Highly-Regarded Gloucestershire Countryside
Aside from the focal points of Cheltenham and Gloucester – two distinctly urbanised towns and cities – the county of Gloucestershire in the South West is effectively entirely rural. An estimated 600,000 people occupy Gloucestershire, and with the Office for National Statistics (ONS) classifying the county as predominantly rural, around 42.3% of inhabitants are either based in the countryside or in locations that fit into the category of large market towns.
An abundance of green spaces in and around Gloucestershire enables numerous opportunities for wildlife to assemble suitable habitats. Of all protected species, bats are commonly situated across the country, and the county of Gloucestershire emerges as a viable option due to the nature of the climate. In any area, bat populations can use the existing natural and man-made features such as hedges and trees or buildings, barns and sheds as bat roosts.
Each part of the UK has a combination of bat species from the 17 in circulation, but with the number of sightings seeing an ongoing decline, it is to be expected that various conservation groups and organisations are becoming more and more concerned over the current and future situation regarding the bats that inhabit our spaces. As a method of counteracting the drop, tighter restrictions were implemented to prevent further unnecessary harm from coming to native bats.
Support for Bats
All bats native to the county of Gloucestershire are given sufficient safeguarding by the Gloucestershire Bat Group (GBG). As a result of the common overlap that occurs between the presence of bats and development projects, matters relating to planning are listed multiple times by the GBG. It is frequently mentioned as a possible danger to bats and bat roosts, with the group making it clear that they can provide helpful support to developers.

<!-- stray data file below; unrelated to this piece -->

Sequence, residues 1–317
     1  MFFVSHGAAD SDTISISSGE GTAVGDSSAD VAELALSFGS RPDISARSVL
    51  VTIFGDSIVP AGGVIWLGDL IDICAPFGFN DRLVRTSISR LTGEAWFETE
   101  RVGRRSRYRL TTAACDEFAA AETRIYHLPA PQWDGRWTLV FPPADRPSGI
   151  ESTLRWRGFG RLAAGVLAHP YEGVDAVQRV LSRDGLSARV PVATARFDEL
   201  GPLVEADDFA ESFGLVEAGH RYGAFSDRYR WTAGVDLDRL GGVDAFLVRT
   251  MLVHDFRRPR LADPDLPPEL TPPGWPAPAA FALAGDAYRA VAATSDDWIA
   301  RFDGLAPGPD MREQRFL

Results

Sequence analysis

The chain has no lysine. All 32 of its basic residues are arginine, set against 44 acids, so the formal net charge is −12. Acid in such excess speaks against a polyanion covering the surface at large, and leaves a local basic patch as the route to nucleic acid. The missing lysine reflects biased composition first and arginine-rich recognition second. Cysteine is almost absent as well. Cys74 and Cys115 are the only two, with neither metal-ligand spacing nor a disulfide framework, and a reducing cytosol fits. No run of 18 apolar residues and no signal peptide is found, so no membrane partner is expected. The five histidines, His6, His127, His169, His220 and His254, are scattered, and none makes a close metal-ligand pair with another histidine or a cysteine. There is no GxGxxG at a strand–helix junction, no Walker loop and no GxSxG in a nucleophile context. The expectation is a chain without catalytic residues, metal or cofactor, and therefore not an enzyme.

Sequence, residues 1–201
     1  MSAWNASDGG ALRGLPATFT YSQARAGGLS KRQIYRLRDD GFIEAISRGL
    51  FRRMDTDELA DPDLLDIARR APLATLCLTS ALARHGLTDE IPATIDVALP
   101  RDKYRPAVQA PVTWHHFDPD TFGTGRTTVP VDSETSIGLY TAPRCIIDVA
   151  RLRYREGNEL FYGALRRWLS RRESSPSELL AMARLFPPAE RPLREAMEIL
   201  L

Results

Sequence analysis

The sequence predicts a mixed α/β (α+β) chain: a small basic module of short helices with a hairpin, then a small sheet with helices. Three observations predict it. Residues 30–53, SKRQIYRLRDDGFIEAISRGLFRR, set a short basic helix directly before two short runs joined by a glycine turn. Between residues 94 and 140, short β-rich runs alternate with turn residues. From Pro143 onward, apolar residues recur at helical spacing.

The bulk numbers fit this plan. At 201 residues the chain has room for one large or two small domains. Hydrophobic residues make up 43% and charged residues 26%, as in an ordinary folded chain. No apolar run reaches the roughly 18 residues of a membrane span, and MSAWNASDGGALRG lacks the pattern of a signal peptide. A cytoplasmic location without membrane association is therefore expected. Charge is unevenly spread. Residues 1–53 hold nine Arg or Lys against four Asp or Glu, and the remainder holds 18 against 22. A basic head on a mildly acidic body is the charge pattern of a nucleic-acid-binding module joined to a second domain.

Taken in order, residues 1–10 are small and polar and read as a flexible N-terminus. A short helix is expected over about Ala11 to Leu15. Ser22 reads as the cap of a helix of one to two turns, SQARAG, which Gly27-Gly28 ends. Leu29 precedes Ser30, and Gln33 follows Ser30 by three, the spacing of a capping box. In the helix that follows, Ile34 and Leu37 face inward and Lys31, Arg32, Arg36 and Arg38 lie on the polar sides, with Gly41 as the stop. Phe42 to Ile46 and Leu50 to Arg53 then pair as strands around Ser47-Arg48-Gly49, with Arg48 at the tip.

As well as local regulation from the Gloucestershire Bat Group, local bats are protected on a national scale by the Bat Conservation Trust (BCT). Both of them offer guidance to the local council in terms of the parameters used when it comes to granting or denying planning permission on sites with bats in the vicinity. Within these circumstances, nothing will produce the same level of detail or fundamentally important next steps as a bat survey conducted by an ecological consultant.
Among the species of bat in Gloucestershire are the barbastelle bat, Bechstein’s bat, Brandt’s bat, brown long-eared bat, common pipistrelle bat, Daubenton’s bat, greater horseshoe bat, Leisler’s bat, lesser horseshoe bat, Nathusius’ pipistrelle bat, Natterer’s bat, noctule bat, serotine bat, soprano pipistrelle bat and whiskered bat. Legislation designed to protect bats includes the Countryside and Rights of Way Act 2000, the Conservation of Habitats and Species Regulations 2017, the Natural Environment and Rural Communities Act 2006, and the Wildlife and Countryside Act 1981.